And for Jesus belief was of first level importance. Everything in life depended on what one believed. He stated, for example, in John 8:24- “I told you that you would die in your sins; if you do not believe that I am he, you will indeed die in your sins.” The last thing a person wants to do is die in their sins, right?
Belief was so important to the Lord Jesus that He let His friend Lazarus die. In John 11 we read Jesus saying, “’Lazarus is dead, 15 and for your sake I am glad I was not there, so that you may believe. But let us go to him.’” (vv. 14-15). Jesus was glad that He was not there so His friend could die so that the disciples could believe?! In His conversation with Martha, Jesus said, “I am the resurrection and the life. The one who believes in me will live, even though they die; 26 and whoever lives by believing in me will never die. Do you believe this?” (vv. 25-26). As the stone is being removed from Lazarus’ tomb, Martha says, “But, Lord, by this time there is a bad odor, for he has been there four days.” (v. 39). Jesus’ response is: “Did I not tell you that if you believe, you will see the glory of God?” (v. 40).
As they take away the stone, we read that “Jesus looked up and said, ‘Father, I thank you that you have heard me. 42 I knew that you always hear me, but I said this for the benefit of the people standing here, that they may believe that you sent me.’” (vv. 41-42).
The conclusion of this amazing account is that “many of the Jews who had come to visit Mary, and had seen what Jesus did, believed in him. 46 But some of them went to the Pharisees and told them what Jesus had done. 47 Then the chief priests and the Pharisees called a meeting of the Sanhedrin.” (vv. 45-47). His opponents are alarmed and query, “What are we accomplishing?” they asked. “Here is this man performing many signs. 48 If we let him go on like this, everyone will believe in him, and then the Romans will come and take away both our temple and our nation.” (vv. 47-48).
Belief was of paramount importance to the Lord Jesus. It was not just a matter of life or death. It was a matter of eternal life or eternal death.
Take a Bible you don’t mind marking up and read through the gospel of John. Highlight or underline every reference to “believe” or “faith” in that book. Share one of your conclusions in the Comment section below. (to be continued)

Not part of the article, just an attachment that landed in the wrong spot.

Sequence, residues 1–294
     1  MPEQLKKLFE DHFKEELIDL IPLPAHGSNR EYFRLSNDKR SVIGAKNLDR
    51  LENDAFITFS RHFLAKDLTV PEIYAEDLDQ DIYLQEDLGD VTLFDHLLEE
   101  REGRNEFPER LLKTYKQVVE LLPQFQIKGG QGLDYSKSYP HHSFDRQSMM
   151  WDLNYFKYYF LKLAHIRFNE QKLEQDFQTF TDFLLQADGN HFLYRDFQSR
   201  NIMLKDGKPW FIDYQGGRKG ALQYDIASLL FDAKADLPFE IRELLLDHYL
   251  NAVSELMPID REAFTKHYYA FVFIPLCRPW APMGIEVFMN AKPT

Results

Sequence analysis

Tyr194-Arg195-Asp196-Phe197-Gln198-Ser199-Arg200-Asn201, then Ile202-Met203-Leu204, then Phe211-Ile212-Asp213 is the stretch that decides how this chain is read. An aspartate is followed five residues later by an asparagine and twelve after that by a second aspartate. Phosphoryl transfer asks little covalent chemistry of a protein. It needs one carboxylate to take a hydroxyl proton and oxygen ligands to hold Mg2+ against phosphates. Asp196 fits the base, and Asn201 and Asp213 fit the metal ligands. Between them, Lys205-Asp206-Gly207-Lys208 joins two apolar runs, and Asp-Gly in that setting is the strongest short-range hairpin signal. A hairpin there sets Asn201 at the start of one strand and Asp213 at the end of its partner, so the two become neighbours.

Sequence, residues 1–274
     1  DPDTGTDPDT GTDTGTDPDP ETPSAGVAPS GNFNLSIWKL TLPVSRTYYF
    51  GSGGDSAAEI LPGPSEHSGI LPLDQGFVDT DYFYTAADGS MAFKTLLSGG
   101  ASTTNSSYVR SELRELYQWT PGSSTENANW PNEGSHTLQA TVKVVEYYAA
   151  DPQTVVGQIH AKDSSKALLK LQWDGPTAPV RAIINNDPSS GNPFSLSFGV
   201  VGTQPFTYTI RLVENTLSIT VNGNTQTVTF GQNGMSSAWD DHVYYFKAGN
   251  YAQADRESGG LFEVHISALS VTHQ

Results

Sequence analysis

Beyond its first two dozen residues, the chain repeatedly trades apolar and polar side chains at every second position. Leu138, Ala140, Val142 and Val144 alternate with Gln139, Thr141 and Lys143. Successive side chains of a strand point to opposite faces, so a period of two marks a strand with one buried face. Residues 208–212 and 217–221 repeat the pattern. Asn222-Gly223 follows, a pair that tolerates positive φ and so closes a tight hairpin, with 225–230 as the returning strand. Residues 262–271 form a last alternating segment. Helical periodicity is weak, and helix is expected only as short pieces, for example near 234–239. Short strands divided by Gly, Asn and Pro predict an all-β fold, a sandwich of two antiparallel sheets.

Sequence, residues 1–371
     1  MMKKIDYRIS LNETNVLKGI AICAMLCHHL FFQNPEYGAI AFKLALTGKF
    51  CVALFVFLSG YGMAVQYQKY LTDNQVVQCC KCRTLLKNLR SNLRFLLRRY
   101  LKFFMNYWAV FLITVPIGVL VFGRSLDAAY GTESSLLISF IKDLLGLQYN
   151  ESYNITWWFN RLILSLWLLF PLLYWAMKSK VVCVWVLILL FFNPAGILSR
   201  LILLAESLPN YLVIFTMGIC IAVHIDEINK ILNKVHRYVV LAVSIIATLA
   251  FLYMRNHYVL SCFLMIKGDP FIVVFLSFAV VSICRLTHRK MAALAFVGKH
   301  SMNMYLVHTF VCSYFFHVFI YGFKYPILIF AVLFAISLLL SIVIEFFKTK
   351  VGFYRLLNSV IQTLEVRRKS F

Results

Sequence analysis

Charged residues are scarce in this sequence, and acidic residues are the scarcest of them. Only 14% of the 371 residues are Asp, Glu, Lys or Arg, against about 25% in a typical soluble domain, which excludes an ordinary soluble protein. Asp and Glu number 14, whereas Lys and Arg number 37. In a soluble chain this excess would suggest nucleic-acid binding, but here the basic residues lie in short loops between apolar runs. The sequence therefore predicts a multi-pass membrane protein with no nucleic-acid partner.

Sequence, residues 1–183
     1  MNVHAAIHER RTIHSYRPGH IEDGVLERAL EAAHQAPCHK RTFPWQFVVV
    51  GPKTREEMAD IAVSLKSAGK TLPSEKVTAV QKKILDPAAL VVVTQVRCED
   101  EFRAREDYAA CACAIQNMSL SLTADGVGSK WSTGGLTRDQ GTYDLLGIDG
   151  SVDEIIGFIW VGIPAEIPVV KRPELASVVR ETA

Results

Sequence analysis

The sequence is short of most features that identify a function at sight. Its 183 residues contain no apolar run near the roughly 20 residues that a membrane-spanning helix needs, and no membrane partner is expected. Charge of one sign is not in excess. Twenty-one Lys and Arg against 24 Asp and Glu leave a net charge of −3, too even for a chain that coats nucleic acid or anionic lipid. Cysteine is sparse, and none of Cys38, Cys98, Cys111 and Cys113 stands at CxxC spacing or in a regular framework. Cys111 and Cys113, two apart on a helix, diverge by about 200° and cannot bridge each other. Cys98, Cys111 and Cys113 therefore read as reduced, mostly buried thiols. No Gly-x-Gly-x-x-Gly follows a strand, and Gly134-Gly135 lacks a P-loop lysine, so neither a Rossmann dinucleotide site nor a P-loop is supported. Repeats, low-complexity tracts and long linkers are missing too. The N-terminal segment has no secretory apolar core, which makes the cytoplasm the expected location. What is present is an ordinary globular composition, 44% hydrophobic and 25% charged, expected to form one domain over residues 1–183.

We’ve been thinking through some of the issues of a preliminary nature that need to be discussed before we get into the major areas of Christian doctrine. How one defines faith, the reality of heresy, the need for good philosophy, etc. are important topics to touch on before tackling the categories of God, the Bible, the Church, etc.
As we look at the material of the Bible, how ought we to organize and summarize what we find? There are essentially two ways to approach the biblical “data.” One way is to begin at Genesis and read straight through the Scriptures, collecting the truths we find, for example, on the doctrine of God. This is looking at the biblical material chronologically, sometimes called “biblical theology.”
“Biblical theology” is a term used by some in other ways, but we are referring to the collecting of Scriptural truth as it is progressively revealed in the 66 books of the Bible. There is value in seeing how, for example, the doctrine of the atonement (how God saves us) is gradually unfolded in the pages of Scripture (beginning, of course, with the proto-evangelium in Gen. 3:15).
Our approach in these posts, however, is called systematic theology. With a systematic theology approach, doctrines are looked at from a logical perspective. The data of Scripture are collected into logical categories (everything the Bible says about the Person of Christ, for example) and analyzed.
I don’t believe one approach is better than the other. They are just different ways of collecting the same material. The real question is what does the Bible as a whole say about the doctrine of __?
Some would say that the Bible might contain some examples of systematic theology, such as I Timothy 3:16 where we read, “Beyond all question, the mystery from which true godliness springs is great: He appeared in the flesh, was vindicated by the Spirit, was seen by angels, was preached among the nations, was believed on in the world, was taken up in glory.” (I Tim. 3:16)
Regardless of which approach one takes, aren’t you thankful for the many truths about our wonderful Savior?